Swedish Government Resigns
Hjalmar Hammarskjöld (1862-1953), Swedish Prime Minister 1914-1917.
March 29 1917, Stockholm–Sweden had remained neutral during the war, but had been very friendly to Germany. Swedish diplomats helped Germany circumvent the cutting of Germany’s international telegraph lines. The Swedes had mined the Øresund to prevent British submarines from entering the Baltic. They were one of Germany’s last foreign trading partners, as the Baltic Sea was one of the few routes not closed by the British blockade. This had not gone unnoticed by the Allies, however, who from August 1916 had essentially included Sweden in the blockade of Germany until the Swedes could sufficiently guarantee that no goods exported to them would be re-exported to Germany.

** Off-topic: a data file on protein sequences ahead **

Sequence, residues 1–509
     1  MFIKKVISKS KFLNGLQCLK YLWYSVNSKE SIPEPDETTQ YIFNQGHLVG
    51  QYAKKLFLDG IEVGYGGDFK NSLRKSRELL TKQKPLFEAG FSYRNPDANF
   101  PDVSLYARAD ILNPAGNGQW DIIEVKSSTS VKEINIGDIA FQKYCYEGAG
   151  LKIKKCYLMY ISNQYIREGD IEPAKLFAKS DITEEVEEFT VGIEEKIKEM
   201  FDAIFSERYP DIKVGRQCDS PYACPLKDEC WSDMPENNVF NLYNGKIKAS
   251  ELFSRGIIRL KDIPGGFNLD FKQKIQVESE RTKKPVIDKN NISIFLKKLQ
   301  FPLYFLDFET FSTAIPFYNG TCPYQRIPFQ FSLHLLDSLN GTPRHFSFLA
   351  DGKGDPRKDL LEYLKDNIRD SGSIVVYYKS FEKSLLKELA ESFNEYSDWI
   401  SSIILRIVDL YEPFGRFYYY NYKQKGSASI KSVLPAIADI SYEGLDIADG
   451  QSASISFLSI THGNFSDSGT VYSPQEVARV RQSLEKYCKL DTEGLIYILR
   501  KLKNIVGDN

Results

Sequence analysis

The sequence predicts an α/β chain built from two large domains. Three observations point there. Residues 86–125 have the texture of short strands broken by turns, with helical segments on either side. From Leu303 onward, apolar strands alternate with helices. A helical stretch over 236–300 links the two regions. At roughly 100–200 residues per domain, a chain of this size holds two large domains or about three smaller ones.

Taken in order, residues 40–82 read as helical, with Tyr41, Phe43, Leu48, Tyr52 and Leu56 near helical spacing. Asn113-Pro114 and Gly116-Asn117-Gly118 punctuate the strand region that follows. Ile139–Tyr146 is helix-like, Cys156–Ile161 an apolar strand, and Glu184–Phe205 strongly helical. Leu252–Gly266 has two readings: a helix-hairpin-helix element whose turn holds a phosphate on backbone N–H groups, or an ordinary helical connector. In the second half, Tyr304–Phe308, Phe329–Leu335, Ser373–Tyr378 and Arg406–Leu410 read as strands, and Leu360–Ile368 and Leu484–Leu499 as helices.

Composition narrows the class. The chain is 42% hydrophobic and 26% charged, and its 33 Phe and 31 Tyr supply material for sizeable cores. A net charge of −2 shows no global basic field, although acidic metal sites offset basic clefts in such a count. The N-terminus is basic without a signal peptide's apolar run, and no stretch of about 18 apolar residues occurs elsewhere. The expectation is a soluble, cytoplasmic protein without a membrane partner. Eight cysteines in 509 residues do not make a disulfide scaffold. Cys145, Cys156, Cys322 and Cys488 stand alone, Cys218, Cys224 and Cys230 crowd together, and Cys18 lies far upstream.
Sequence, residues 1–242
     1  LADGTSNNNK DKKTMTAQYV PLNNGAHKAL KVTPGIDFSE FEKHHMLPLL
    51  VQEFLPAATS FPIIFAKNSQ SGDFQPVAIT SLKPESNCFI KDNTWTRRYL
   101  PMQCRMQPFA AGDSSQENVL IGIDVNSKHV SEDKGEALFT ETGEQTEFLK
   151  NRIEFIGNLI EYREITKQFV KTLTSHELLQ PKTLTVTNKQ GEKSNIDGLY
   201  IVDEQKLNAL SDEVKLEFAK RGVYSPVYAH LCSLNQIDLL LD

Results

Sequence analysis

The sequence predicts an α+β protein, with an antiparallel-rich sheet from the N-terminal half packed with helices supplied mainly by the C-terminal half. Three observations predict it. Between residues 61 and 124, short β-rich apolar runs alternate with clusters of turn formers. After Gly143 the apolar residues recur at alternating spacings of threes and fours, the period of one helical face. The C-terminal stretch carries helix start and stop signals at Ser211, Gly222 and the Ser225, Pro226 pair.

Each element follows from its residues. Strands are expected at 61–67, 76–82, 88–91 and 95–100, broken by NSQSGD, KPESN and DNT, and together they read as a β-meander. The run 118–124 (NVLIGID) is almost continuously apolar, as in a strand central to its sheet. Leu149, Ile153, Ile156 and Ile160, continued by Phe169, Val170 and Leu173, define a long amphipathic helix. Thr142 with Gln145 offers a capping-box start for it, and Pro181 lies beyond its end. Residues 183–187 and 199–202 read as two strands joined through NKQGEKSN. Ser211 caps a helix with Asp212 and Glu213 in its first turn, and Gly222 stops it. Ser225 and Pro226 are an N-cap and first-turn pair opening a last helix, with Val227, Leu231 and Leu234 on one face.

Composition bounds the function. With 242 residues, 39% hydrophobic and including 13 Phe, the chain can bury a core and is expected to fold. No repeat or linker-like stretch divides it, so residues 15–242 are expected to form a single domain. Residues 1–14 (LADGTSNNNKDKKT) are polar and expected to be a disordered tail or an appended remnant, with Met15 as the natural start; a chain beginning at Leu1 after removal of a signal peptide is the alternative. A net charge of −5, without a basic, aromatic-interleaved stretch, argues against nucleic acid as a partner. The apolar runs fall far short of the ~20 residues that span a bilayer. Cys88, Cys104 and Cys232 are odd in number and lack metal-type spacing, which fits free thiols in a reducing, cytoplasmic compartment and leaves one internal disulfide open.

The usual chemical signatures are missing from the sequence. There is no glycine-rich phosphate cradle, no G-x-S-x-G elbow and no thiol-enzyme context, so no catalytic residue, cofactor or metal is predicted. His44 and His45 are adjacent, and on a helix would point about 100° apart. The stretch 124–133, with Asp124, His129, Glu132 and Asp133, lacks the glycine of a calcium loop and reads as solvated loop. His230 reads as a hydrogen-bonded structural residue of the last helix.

This had severe consequences in the winter of 1917, which hit Sweden almost as hard as it hit the Central Powers. Food supplies dwindled, and prices skyrocketed. The Swedish foreign minister negotiated a deal with the British to allow more food to be imported, provided the Swedes reduced their exports to Germany. The Swedish Prime Minister, Hjalmar Hammarskjöld (father to UN Secretary General Dag), rejected the agreement. This caused a political crisis, and Hammarskjöld was forced to resign on March 29. This did not repair relations with Britain; an adequate trade agreement was not reached for over a year.